In her sixth and seventh causes of action, Eymil alleges generally that petitioners misrepresented and/or concealed the extent of their authority, her destination, the nature of the Pathfinders program, and her parents' thoughts and feelings of love and care, and that her justifiable reliance on these misrepresentations prevented her from attempting to escape the program or contact her parents or the local authorities.   Petitioners argued in their summary adjudication motions that these causes of action lacked merit because (1) the alleged misrepresentations were not material;  and (2) as a minor, Eymil could not justifiably rely on the purported misrepresentations because she had no authority to alter the position in which her parents placed her.   The trial court ruled that petitioners had not met their initial burden on summary adjudication as to these causes of action, because they had not provided any evidence or authority to support their contention that petitioners' conduct was nonactionable because it was within the scope of parental authority assigned to petitioners or that such exercise of parental authority was legitimate as a matter of law.

We agree with the trial court.   Petitioners have not met their initial burden and therefore summary adjudication cannot be granted.   Primarily, we find that petitioners' argument is insufficient to establish as a matter of law that they have no liability because they acted within the scope of lawful parental authority assigned to them by Eymil's parents.   Our Supreme Court has ruled that the parents may be liable to their minor children for negligent exercise of familial duties and powers.  “[A]lthough a parent has the prerogative and the duty to exercise authority over his minor child, this prerogative must be exercised within reasonable limits.”  (Gibson v. Gibson (1971) 3 Cal.3d 914, 921, 92 Cal.Rptr. 288, 479 P.2d 648;  see also People v. Whitehurst (1992) 9 Cal.App.4th 1045, 1050, 12 Cal.Rptr.2d 33 [“a parent who willfully inflicts unjustifiable punishment is not immune from either civil liability or criminal prosecution”].)   The test of the reasonableness of the parent's conduct is “what would an ordinarily reasonable and prudent parent have done in similar circumstances?”  (Gibson v. Gibson, supra, 3 Cal.3d at p. 921, 92 Cal.Rptr. 288, 479 P.2d 648, italics in original.)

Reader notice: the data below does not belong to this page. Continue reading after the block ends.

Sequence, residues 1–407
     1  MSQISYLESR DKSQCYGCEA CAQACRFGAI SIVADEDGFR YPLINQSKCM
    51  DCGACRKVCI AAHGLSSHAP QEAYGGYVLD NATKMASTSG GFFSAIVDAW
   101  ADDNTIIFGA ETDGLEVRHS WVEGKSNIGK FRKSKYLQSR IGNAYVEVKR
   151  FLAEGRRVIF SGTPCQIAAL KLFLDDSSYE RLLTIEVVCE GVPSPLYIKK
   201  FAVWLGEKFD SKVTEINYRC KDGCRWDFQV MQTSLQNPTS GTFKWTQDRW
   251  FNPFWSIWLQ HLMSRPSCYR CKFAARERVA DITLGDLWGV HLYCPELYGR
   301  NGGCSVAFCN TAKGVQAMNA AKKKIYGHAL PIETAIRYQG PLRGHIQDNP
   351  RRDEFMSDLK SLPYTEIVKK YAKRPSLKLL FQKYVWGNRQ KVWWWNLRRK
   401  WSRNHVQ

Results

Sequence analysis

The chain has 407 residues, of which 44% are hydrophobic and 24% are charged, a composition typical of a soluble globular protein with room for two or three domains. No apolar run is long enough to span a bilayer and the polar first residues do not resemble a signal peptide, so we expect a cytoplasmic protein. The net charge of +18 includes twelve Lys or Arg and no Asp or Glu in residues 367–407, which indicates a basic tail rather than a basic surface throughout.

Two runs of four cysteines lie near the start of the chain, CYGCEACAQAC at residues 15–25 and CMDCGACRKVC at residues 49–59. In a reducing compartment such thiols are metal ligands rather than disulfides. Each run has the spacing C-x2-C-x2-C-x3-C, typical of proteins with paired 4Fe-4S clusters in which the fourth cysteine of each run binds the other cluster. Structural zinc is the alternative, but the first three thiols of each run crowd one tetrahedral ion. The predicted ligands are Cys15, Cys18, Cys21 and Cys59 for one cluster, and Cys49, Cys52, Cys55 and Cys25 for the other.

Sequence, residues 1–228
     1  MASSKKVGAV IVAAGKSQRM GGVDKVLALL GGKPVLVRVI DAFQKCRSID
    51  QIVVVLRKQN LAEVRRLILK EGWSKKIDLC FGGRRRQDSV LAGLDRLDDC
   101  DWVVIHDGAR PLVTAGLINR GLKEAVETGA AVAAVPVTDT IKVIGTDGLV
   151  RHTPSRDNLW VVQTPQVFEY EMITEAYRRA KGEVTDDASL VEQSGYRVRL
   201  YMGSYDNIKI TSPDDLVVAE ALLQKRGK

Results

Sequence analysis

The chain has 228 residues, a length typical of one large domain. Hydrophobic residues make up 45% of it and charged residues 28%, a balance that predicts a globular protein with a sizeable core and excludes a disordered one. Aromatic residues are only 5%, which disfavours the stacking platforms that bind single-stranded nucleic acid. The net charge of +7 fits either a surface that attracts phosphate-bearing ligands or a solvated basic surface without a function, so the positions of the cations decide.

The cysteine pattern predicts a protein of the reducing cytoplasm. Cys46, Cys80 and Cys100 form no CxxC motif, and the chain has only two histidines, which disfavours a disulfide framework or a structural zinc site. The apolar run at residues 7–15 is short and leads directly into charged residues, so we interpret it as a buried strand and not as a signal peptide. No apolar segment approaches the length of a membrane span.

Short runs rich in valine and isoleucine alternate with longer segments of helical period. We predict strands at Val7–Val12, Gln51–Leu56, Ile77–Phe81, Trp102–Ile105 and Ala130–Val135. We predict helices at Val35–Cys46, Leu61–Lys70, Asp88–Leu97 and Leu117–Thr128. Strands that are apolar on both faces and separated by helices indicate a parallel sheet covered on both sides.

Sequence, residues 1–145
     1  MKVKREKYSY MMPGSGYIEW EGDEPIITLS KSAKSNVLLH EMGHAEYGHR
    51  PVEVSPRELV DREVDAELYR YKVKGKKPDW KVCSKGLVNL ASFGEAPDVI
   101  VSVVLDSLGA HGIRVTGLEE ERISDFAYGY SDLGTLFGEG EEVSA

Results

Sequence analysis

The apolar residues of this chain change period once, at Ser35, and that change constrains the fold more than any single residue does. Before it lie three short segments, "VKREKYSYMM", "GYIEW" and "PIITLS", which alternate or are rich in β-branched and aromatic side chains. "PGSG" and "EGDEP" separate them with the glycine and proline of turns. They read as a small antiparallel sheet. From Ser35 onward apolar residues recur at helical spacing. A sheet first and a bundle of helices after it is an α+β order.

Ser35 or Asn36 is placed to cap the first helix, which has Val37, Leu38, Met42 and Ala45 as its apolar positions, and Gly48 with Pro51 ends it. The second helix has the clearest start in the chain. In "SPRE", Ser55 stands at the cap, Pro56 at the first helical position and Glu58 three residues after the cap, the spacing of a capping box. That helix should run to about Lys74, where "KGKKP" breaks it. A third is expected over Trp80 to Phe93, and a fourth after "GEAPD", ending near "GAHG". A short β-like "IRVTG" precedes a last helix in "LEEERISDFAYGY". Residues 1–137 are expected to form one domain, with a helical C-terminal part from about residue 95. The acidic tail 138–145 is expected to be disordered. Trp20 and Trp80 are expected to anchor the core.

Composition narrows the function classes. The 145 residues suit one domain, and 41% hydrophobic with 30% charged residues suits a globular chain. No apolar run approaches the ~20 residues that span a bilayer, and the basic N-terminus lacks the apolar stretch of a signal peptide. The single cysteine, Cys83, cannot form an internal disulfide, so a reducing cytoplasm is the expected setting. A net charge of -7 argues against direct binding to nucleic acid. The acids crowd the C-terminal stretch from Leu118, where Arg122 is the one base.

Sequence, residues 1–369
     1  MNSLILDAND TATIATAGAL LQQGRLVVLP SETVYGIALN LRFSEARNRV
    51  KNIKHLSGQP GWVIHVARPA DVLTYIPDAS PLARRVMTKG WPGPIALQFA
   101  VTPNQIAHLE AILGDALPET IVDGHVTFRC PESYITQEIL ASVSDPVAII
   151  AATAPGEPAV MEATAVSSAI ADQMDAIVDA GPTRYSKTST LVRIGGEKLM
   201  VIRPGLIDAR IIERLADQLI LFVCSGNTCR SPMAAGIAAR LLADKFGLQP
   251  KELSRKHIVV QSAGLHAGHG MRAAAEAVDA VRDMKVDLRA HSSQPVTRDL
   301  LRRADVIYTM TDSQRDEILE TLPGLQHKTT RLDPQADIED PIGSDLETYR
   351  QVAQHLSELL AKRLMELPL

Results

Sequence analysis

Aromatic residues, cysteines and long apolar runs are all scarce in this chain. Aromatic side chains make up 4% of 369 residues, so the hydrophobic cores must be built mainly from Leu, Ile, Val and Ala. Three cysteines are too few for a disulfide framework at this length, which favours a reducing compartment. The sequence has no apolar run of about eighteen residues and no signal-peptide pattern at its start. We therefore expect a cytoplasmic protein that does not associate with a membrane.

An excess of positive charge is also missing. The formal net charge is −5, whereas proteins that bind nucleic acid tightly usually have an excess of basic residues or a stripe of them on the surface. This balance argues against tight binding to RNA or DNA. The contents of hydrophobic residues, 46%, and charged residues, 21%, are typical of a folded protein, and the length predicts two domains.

Hence, a parent has no absolute immunity, and to obtain summary adjudication of a tort claim by a minor child must establish that the allegedly wrongful exercise of parental authority was within reasonable limits as a matter of law.   In the present case, therefore, petitioners had the initial burden to establish that (1) they were acting in loco parentis;  and (2) their conduct in allegedly misrepresenting or concealing the facts of Eymil's transportation to and detention at the Pathfinders camp was within the scope of what an ordinarily reasonable and prudent parent would have done in similar circumstances.   Eymil does not dispute that petitioners were acting in loco parentis.   However, on the record before us, we cannot conclude as a matter of law that petitioners' conduct was nonactionable because it was reasonable and therefore within the scope of lawful parental authority.